The family of a teenage girl who died after receiving a massive overdose of radiation while being treated for a brain tumour said last night that it was a “travesty” that the doctor held responsible was allowed to keep his job. A conduct and competence hearing held by the Health Professions Council yesterday ruled that Stuart McNee, who was in charge of planning treatment for Lisa Norris, 16, from Girvan, Ayrshire, “had learnt from his mistakes”.
Lisa died in October 2006. She had been exposed to 19 overdoses during radiotherapy treatment for a brain tumour at the Beatson Oncology Unit in Glasgow nine months earlier. She was given radiation doses that were cumulatively 58 per cent higher than necessary, leaving her with burns on her neck and head. A report by a leading cancer specialist claimed that her chances of long-term survival had been harmed by the error.
Her parents, who attended the hearing at the Western General Hospital in Edinburgh yesterday, branded the process a whitewash and pledged to continue with legal action against NHS Greater Glasgow and Clyde. Mr Norris, 53, said: “I’m very disappointed that a man can do what he did and walk away from it. I was expecting him to at least get reprimanded for it. It doesn’t matter that he had a good, impeccable record. What he did he shouldn’t have done.”
The panel’s chairman, Colin Allies, said that while all allegations of a lack of competence had been proven, it was their opinion that Dr McNee was still fit to practise. He said: “We are confident the registrant has learned from his mistakes and would act differently in similar circumstances today. We took into consideration the lack of staff and a lack of support from senior management.”
The panel agreed that Dr McNee had been responsible for planning the course of radiotherapy and said his biggest failing was not speaking out about staffing pressures and checking that procedures were being followed.
A report by Arthur Johnston, scientific adviser to the Scottish government’s health department, said that the overdose happened after an under-qualified staff member entered a wrong number on a form. Dr McNee also failed to have his proposed treatment plan verified or independently justified by a competent radiologist or radiographer or other trained staff.
Dr McNee is working in a new role at the Western General and Gartnavel hospitals in Glasgow, where he is involved in clinical trials, teaching and research and development. He did not attend yesterday’s hearing.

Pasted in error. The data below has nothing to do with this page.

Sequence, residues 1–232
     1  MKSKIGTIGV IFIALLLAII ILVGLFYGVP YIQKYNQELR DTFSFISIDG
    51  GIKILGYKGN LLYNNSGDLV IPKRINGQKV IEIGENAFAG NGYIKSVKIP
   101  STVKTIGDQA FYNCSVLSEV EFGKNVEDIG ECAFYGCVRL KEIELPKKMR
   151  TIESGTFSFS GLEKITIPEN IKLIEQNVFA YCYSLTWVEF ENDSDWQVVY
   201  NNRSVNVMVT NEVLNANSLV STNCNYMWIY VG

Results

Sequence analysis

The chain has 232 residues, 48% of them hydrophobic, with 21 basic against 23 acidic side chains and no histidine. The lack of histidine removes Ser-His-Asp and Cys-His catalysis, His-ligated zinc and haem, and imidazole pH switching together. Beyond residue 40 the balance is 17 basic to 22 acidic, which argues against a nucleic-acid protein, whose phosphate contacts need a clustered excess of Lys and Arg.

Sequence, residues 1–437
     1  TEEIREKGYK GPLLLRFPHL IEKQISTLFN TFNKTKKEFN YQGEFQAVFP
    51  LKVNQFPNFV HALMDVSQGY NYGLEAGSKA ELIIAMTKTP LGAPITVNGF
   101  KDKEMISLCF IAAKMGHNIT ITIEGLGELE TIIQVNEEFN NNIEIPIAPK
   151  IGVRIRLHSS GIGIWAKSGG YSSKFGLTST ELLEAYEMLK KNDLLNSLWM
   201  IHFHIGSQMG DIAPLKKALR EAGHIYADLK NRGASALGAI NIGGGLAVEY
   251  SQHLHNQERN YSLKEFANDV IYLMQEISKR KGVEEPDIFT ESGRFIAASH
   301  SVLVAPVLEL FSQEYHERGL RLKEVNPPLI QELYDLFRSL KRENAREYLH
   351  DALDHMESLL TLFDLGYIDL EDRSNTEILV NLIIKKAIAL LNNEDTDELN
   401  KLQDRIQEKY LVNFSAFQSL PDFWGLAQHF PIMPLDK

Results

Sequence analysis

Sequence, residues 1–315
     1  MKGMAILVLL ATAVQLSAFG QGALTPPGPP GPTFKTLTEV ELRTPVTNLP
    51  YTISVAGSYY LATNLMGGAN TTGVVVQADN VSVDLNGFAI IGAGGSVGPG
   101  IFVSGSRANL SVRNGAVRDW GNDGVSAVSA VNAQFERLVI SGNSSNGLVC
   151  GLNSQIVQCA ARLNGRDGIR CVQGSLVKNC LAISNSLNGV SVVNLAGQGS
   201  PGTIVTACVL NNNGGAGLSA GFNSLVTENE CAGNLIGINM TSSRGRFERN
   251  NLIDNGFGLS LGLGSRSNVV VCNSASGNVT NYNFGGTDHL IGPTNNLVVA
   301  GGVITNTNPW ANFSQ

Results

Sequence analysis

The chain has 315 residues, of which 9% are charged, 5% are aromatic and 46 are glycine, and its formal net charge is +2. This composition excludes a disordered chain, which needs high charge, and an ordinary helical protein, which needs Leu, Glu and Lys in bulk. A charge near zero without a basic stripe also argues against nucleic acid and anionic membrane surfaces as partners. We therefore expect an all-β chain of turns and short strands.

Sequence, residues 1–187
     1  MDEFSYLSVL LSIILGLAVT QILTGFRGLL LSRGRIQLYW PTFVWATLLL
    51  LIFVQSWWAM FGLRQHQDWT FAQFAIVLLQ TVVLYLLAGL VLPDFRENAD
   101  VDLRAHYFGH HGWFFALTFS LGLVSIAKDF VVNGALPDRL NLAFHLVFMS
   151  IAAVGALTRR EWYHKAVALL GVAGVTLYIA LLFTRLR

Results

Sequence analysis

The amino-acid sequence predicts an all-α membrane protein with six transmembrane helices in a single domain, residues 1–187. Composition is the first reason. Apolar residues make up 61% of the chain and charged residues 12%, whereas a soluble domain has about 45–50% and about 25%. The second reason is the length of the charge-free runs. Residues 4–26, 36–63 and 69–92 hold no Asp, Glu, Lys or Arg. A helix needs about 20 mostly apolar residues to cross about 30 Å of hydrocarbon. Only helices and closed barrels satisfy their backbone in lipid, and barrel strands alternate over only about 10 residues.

Australia's Prosperity Index result down because of poor public healthcare
By Greg Lindsay and Roger Bate. Greg Lindsay is the Executive Director of The Centre for Independent Studies in Sydney. Roger Bate is the Legatum Fellow at the American Enterprise Institute in Washington, D.C. The 2009 Legatum Prosperity Index is now available. A majority of Australians rely on "free" government hospitals, where low standards and long waits are common
The 2009 Legatum Prosperity Index rates Australia an impressive sixth out of 104 countries surveyed – the top five are all small Northern European countries with populations of less than 10 million.
However, inefficiencies in public hospitals are hurting Australia’s prosperity. While Australia is very strong on the economic fundamentals required for long-term growth, the nation’s ailing health care system is keeping Australia from reaching its full potential, in terms of both economic progress and quality of life. Legatum ranks Australia a lowly 21st in health care, behind countries like Singapore, Spain, and the Czech Republic; 28th in infant mortality; 47th for number of doctors per capita; and behind Slovakia and Hungary on available beds.
The Australian Medical Association recently found that waiting times far exceed acceptable levels. The median wait for hip surgery in Australian public hospitals is nearly three months. For cataract surgery, it’s more than two months. Major public hospitals throughout Australia are bursting at the seams with bed occupancy rates of well over 100% a daily occurrence.
Overcrowding and inefficiency have compromised patient safety. According to the Queensland University of Technology, $1 billion annually is lost in bed days because of hospital-acquired infections. Medical errors cost an estimated $1 billion–$2 billion annually, with half of these errors classified as ‘potentially preventable.’